Saturday, October 21, 2017

Sittangbad Revisited (2)

Looking eastwards down the coast road towards the
approaching Allied advance guard.
My apologies for taking so long bringing this account of World War Two Sittangbad to you, and the fact is, the action is still ongoing - barely begun withal.  Need batteries for my camera.  The ones you see here are from my Smart phone. 

The leading picture shows the field of battle, facing east down the coast road in Libya, somewhere between Agedabia and Wadi Zem Zem.  Apart from the palm groves, the greenery depict in the middle distance an impassible stretch of marshy country; and closer to the line of the Wadi Wasir.  The lateral dark line in the distance is the edge of the battlefield.
Congestion on the Sittangbad bridge and in the main street
as truck loads of essential equipment and supplies are
being withdrawn - one vehicle per turn.
These early picture were taken after the Allied first turn. They turned a RED 10 for allocating movement.  There were a number of options here.  To begin with, the Allies begin 'off-table'. The first turn brought the troops and vehicles onto the first row of squares only, to count as a full move, but with units allowed to shoot at targets in the open.  Elements of the 4th Light Armoured Brigade advanced on the right flank, over the Djebel Isen: the tanks of the Royal Scots Greys (RSG), a company of Kings Royal Rifle Corps (KRRC), and an armoured car squadron from the Royal Dragoon Regiment (RDR).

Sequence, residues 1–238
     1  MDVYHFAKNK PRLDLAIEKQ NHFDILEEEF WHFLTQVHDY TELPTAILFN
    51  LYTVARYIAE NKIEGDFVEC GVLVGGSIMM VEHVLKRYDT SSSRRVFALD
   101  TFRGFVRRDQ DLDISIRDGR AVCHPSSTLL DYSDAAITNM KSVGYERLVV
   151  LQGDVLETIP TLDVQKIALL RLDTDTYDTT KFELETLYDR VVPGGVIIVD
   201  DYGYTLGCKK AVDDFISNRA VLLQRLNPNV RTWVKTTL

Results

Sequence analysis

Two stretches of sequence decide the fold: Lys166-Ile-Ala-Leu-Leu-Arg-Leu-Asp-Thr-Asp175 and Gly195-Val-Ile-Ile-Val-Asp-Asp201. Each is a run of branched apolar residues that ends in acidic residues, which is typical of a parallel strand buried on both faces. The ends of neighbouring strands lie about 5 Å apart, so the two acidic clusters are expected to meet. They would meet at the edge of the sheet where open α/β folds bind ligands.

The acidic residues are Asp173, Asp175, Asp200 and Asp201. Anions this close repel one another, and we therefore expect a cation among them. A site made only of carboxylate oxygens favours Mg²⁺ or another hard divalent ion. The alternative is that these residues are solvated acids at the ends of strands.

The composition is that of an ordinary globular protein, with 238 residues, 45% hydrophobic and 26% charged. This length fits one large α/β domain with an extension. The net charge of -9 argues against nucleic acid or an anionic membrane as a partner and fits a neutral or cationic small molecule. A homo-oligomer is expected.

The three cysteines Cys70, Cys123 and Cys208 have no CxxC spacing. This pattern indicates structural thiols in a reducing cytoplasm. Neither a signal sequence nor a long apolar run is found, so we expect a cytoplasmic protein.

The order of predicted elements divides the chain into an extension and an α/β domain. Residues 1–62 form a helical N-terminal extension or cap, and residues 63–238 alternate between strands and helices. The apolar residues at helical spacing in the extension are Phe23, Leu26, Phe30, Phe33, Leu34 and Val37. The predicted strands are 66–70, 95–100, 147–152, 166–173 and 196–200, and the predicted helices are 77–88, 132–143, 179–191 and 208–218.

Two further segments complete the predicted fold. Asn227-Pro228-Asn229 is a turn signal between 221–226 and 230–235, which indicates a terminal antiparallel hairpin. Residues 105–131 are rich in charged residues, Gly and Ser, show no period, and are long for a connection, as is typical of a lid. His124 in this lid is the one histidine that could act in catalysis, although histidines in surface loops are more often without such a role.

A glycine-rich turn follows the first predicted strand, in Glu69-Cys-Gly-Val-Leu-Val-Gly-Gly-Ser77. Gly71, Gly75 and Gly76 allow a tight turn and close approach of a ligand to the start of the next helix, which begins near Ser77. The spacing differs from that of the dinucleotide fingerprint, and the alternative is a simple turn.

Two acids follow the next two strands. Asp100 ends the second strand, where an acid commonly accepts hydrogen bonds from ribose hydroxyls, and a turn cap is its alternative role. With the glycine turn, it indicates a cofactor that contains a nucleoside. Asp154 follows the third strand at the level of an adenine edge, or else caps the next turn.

Kampfgruppe Herzog.  The infantry and heavy machine guns
 of the garrison proved a hard nut to crack.
The left flank of the advancing Allies comprised the 23rd New Zealand Battalion.  The lead elements were A and C companies, flanked on their right by the battalion's carrier platoon, and on the left by the Vickers MMG platoon.  Flung out on the left flank, D company pushed its way through the fringes of a palm grove.
Elements of 4th Light Armoured Brigade swarm over the
high ground.
The medium squadrons of the Royal Scots Greys fired at the Pz III company, for a 'force back' or 'retreat' result. The infantry companies found the light armoured car company within range, but their fire was ineffective. I did consider using the 25pr field guns off table, but of course the Allies will need somebody present on the field to direct their fire. That option is not yet out of court.
21st New Zealand Battalion, advancing up the coast road,
are about to run into some stiff opposition.

Bir Isen.
Elements of Kampfgruppe Herzog were placed in and around the small village of Bir Isen. the Machine Gun Company north of the road, #1 Schutzen Company south of it, facing eastward down the road. Perhaps rather arbitrarily I decided the other 4 units of that command should be placed on a square orthogonally adjacent to the village. The second Schutzen company and the Panzer squadron we so placed to switch to the north to confront whatever might appear over the Djebel Isen, the Marder company was then to protect the northern flank of the village, whilst the Armoured Car company covered the southern flank.